Last Monday I did a post about Index funds and a reader named Jemand asked some really good questions.  Today I am going to address the first part of Jemand’s comment.

Alright, so I know I shouldn’t make investment advice on the basis of a blog. But I don’t even know where to start!

Great Comment!  Where does one start?

I regularly suggest that people read up on investments.  One easy way to do this is to pick up a few copies of a magazine like “Money” or “Kiplinger’s”.  You can just get one or two at a book store or read them for free at your library.  The magazines usually have short pieces that are written for the novice reader.  Read them and become familiar with the terms and some basics on how the markets work.  You will not become an expert over night but after you read a few you will understand some basics which may prevent you from getting ripped off.  The one warning I will give is that you do NOT take any of the specific advice given in a magazine.  In a single issue you can find a story on buying for the long term and another on the hottest stock over the last 6 months.  If you are new – you will have no way to know which ideas are good for you and you can easily start down the wrong path.  A few extra months of education should pay big long term dividends.

I always remind people that one of the best ways to make money in the long run is to not lose money in the short run.

The next step if you want to take it – read some good books.  I can tell you about one of my favorites.  “Common Sense on Mutual Funds” by John C Bogle.  This is a classic book and the original version is still full of relevant information (shown on the left).  However it has been updated and is even better (“revised” version is on the right).  It has a lot of math and statistics so it may scare off some readers but, it is not that bad!  It is one of the most important investment books I have ever read.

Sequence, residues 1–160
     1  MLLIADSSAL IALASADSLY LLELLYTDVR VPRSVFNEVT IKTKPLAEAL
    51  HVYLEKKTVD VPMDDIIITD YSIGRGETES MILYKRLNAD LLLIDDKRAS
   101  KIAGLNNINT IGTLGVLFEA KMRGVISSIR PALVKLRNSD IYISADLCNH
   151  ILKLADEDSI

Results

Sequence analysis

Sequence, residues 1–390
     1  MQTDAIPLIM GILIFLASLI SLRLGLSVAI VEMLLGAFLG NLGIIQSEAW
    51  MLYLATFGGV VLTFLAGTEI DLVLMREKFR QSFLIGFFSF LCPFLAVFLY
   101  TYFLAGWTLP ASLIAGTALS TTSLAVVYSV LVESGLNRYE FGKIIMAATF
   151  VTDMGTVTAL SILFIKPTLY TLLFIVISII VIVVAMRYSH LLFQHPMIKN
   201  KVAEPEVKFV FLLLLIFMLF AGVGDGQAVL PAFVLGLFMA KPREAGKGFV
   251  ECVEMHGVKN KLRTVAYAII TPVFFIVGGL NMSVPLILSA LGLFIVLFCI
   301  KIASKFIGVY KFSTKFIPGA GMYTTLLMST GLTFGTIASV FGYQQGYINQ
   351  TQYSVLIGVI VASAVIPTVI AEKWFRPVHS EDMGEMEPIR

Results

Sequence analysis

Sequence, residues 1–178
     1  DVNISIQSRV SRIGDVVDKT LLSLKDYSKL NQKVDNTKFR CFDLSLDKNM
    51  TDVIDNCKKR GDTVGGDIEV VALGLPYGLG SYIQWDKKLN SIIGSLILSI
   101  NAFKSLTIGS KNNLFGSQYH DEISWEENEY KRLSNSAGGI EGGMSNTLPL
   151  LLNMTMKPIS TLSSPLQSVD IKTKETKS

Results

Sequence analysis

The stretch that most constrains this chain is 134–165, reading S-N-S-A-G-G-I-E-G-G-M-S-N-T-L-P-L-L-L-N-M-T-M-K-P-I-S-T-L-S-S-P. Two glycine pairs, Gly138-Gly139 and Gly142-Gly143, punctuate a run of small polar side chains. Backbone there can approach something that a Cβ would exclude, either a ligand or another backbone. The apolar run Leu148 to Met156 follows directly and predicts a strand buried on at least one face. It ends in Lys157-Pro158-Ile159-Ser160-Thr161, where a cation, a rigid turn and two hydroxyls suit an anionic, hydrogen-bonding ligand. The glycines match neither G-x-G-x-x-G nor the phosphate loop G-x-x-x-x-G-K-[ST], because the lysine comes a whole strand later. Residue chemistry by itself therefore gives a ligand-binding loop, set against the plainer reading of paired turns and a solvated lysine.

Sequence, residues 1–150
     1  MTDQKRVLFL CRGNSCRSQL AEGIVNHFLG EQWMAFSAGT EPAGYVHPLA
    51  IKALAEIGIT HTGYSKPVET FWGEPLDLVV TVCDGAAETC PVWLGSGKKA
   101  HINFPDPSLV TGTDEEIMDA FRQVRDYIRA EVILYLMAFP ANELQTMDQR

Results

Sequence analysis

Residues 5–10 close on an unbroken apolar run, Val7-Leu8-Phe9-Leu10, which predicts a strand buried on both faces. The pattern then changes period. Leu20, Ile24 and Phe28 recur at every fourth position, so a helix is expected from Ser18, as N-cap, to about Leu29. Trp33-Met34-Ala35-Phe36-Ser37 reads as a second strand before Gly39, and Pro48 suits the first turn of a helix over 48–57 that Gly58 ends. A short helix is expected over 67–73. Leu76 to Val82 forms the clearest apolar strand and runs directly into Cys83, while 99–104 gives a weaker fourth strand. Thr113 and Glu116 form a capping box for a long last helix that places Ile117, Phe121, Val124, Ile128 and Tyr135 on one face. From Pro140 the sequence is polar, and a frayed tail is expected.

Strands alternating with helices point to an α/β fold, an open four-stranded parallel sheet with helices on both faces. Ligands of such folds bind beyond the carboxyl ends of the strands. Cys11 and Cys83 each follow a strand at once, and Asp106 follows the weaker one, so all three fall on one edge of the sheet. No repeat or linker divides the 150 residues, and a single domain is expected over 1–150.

NOTE:  This post is part of an ongoing education series.  This information is for educational purposes only.  This information does not constitute investment advice.  No rational person would make investment decisions based on a blog post.  Please consult with your financial advisor before taking any action.

A nice place to learn about investment terms is Investopedia.  Here is there definition of an Index Fund.

A type of mutual fund with a portfolio constructed to match or track the components of a market index, such as the Standard & Poor’s 500 Index (S&P 500). An index mutual fund is said to provide broad market exposure, low operating expenses and low portfolio turnover.

Good… but I’m not sure what they mean when they say, “… is said to provide…”.  An Index fund actually does these things.  Unless, you get a very specific type of index fund that focuses on a small market segment.  Let’s look at an S&P 500 Index Fund.

Broad Market Exposure

This index fund invests in 500 stocks.  500 different US companies.  This is very broad exposure.  If one of those 500 stocks goes to $0.00 in just one day it will only bring down your portfolio 0.2%.  The whole market can move more than that in a day.  You will never even notice the loss.  This also works on the upside, if one of those 500 stocks double it will only give you a 0.2% bump.  This broad market exposure effectively reduces your volatility.

Low Operating Expenses

If you are in a 401(k) or a 403(b) you may see index funds with expense ratios as low as 0.5% to 0.8%.  The average mutual fund has an expense ratio of around 1.6%.  The extra 1% savings could make a big difference over time.  If you go to Vanguard, you can get index funds with expense ratios lower than 0.2%.

Low Portfolio Turnover

If you are in a taxable account this can really pull down your performance.  If a stock is held for more than a year than you will only pay capital gains of 15%.  However, a stock sold in less than a year can be taxed as high as 35% – Ouch!  An S&P index fund may change only 2-4 % of the funds in a given year.  A managed fund can change 100% or more (sell twice) in one year.  Even if your managed fund beats the market you may get killed on taxes.

One of my investment rules…. By Index Funds whenever you can!